In Greenbuild speech, NY Times columnist slams White House: “There are endangered species I’ve seen more of in the last two years than that climate team speaking out in defense of climate science and scientists.”
The last three years have been the most politically and economically turbulent that Americans have ever seen. And that has helped pushed environmental issues — particularly climate change — onto the back burner.
Author and New York Times Columnist Tom Friedman had a fantastic speech this week at the Greenbuild Conference in Toronto, in which he briefly summarized the recent history of our rising and falling hopes on U.S. climate action. He also made clear the Obama White House shares some of the culpability for climate change being put on a back burner.
We’ve edited the 30-minute speech down to an 8-minute segment featuring all his best quotes. It’s worth listening to the whole thing:
Here are some of the most quotable quotes, including his discussion of the powerful impact of the “totally bogus” Climategate affair:
On the financial crisis of 2008:
“This underlies the faulty accounting that we have been exhibiting in both the market and mother nature. But a more fundamental crisis looms ahead. An ecological credit crunch caused by undervaluing the environmental assets that are the basis of all life and prosperity.”
On our response to the wake-up call in 2008:
“If 2008 was our warning heart attack, how did we respond in 2009? Did we go on a diet? Start exercising? Basically we kept on smoking and gaining weight and started to actively ignore the doctor’s advice.”
On the hacked emails from East Anglia University:
“That whole email thing, which was totally bogus….
“Because the message it gave out — that somehow there was some crazy global conspiracy between climate science to hype the whole notion of climate change and global warming. that message was spread far and wide and it came at a time of economic distress when it fell on way too many sympathetic ears. And it came at a time of weakness, at least in America, at the Obama Administration, which fundamentally failed to speak out in favor of the science. The president’s climate team, I’m sorry to say, there are endangered species I’ve seen more of in the last two years than that climate team speaking out in defense of climate science and scientists.”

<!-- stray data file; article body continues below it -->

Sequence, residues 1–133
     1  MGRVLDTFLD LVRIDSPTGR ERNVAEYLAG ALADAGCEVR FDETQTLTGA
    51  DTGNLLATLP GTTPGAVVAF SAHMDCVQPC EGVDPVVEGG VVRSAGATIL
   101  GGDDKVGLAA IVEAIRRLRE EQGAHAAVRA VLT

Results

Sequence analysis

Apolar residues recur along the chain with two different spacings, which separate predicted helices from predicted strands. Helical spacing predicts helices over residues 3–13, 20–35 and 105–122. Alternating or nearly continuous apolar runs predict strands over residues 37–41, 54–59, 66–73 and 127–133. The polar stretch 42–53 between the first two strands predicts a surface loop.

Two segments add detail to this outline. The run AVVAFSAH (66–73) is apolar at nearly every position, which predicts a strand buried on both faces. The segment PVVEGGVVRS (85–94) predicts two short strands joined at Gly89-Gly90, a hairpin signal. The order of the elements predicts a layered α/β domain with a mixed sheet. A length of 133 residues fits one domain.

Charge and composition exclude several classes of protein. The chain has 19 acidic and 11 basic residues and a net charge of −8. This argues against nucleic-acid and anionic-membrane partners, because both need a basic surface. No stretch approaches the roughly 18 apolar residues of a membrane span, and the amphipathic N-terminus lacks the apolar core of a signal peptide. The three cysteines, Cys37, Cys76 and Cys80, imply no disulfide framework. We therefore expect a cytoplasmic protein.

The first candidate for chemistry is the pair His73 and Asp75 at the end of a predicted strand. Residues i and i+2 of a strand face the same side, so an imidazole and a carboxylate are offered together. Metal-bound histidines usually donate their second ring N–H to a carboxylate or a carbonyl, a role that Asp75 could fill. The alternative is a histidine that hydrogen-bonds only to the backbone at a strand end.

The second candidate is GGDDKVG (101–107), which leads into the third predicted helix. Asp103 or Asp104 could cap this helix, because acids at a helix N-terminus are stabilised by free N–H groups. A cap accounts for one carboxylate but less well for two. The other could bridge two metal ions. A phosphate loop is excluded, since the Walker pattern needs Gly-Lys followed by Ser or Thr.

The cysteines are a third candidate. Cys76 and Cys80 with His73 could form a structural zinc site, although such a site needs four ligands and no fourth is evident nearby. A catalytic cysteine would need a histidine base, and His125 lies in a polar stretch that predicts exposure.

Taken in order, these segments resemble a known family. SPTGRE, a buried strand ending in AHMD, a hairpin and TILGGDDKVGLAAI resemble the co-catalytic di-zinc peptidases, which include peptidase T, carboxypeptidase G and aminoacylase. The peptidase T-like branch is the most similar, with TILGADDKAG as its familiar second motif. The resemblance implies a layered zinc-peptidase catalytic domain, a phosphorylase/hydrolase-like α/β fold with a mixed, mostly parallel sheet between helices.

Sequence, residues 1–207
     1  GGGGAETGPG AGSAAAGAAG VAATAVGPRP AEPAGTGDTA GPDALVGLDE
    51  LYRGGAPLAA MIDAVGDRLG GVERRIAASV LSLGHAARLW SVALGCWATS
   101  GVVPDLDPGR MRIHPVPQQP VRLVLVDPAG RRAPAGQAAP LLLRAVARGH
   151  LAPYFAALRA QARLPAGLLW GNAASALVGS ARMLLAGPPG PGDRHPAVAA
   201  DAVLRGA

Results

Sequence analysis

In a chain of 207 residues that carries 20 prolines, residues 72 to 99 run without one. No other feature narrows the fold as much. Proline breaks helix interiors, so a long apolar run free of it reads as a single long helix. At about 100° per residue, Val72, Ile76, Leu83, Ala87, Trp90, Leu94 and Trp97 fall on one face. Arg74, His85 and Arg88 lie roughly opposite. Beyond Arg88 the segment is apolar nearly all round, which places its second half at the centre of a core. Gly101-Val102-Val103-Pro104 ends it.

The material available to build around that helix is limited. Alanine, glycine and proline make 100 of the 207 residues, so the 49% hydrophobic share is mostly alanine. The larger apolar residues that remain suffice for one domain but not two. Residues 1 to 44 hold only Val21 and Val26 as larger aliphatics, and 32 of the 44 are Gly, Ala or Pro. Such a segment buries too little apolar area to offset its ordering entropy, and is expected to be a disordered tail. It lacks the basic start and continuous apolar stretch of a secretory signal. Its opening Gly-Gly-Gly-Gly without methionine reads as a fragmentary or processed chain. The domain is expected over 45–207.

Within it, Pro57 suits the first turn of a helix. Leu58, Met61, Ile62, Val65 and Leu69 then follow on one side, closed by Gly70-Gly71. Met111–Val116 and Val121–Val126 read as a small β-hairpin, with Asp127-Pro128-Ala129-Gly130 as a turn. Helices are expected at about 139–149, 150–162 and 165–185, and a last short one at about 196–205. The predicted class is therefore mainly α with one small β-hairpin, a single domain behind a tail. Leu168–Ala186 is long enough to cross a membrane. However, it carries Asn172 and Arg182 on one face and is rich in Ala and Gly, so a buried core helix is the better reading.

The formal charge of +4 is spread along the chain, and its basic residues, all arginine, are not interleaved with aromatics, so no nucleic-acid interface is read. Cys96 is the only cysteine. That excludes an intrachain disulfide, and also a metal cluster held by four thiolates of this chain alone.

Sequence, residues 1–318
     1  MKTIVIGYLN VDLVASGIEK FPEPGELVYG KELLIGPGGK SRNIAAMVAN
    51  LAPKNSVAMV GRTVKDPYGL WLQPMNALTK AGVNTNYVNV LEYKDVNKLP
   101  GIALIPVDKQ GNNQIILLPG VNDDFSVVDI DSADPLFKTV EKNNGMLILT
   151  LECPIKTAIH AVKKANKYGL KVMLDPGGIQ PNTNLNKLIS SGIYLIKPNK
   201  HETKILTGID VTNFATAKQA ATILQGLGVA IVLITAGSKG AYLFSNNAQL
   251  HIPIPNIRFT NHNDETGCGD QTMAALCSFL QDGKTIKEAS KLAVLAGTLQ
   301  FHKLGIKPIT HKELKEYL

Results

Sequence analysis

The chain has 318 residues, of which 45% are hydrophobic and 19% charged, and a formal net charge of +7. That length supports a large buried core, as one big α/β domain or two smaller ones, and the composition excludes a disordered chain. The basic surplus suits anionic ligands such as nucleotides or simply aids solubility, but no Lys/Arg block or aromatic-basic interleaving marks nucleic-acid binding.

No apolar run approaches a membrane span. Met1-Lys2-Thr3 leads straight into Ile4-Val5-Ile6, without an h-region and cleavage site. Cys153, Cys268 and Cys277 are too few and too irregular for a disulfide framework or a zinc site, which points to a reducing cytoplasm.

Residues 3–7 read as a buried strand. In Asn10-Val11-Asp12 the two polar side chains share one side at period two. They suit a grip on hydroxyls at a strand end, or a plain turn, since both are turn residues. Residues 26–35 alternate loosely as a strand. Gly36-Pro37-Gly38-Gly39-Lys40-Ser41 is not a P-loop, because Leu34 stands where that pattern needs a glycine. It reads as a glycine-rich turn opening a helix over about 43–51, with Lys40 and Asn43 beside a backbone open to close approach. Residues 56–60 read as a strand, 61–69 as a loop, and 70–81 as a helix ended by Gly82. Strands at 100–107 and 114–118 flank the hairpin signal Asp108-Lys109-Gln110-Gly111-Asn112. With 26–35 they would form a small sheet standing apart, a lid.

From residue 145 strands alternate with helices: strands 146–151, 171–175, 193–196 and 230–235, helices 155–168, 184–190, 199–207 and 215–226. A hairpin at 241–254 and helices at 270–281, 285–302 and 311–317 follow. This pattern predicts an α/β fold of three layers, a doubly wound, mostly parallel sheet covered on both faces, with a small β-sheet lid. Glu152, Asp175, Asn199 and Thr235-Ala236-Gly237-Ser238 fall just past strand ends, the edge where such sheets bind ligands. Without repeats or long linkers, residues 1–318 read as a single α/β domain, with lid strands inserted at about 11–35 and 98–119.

On the political and economic hangover into 2010-2011:
“And as a result, is that there will be no energy legislation — let alone clean energy legislation — at the earliest until 2013. We who believe in energy efficiency and protecting the environment, and trying to move the economy to a clean power system, we’ve had a couple of bad years here. And it seems to me we need to sit back and realize this environment — political, economic environment — is not going to change overnight. And therefore, every one of us here has to think about how we bring more imagination to every thing we do around this industry to work within these constraints.”
And moving into 2012 and beyond, Friedman ended on a positive note — one that I thought wrapped up the speech well:
“Frankly, I’m amazed that you’re all here. You just didn’t get the word. God bless you. You just didn’t get the word that we’re not going to have a price signal, that the politics is all paralyzed. That we’re fighting with each other from one end of Washington…to the other. You just didn’t get the word. You are like a marine we interviewed for our new book, That Used to Be Us, when we asked him why he surged in Anbar province, he said ‘we were too dumb to quit.’ Thank you all for being too dumb to quit. Do not get the word.”
“Please don’t get the word. Because if you get the word, the word’s kind of grim right now. I wish I could tell you that some quick solution from the national level is coming. It’s not. We are where we are, we’ve got what we’ve got. It’s on you. It’s on me. It’s on us. They’re not going to solve it for us. So promise you will keep on going and you will never get the word.”
- Is the global economy a Ponzi scheme? Yes, homo “sapiens” sapiens have constructed the grandest of Ponzi schemes, whereby current generations have figured out how to live off the wealth of future generations. Yes, we are all in essence Madoffs (many wittingly, most not) or at least his most credulous clients. I had been planning to write something on this for a while when NYT columnist Tom Friedman interviewed me for “The Inflection Is Near?” which appears in today’s New York Times:
“We created a way of raising standards of living that we can’t possibly pass on to our children,” said Joe Romm, a physicist and climate expert who writes the indispensable blog climateprogress.org. We have been getting rich by depleting all our natural stocks — water, hydrocarbons, forests, rivers, fish and arable land — and not by generating renewable flows.
“You can get this burst of wealth that we have created from this rapacious behavior,” added Romm. “But it has to collapse, unless adults stand up and say, ‘This is a Ponzi scheme. We have not generated real wealth, and we are destroying a livable climate …’ Real wealth is something you can pass on in a way that others can enjoy.”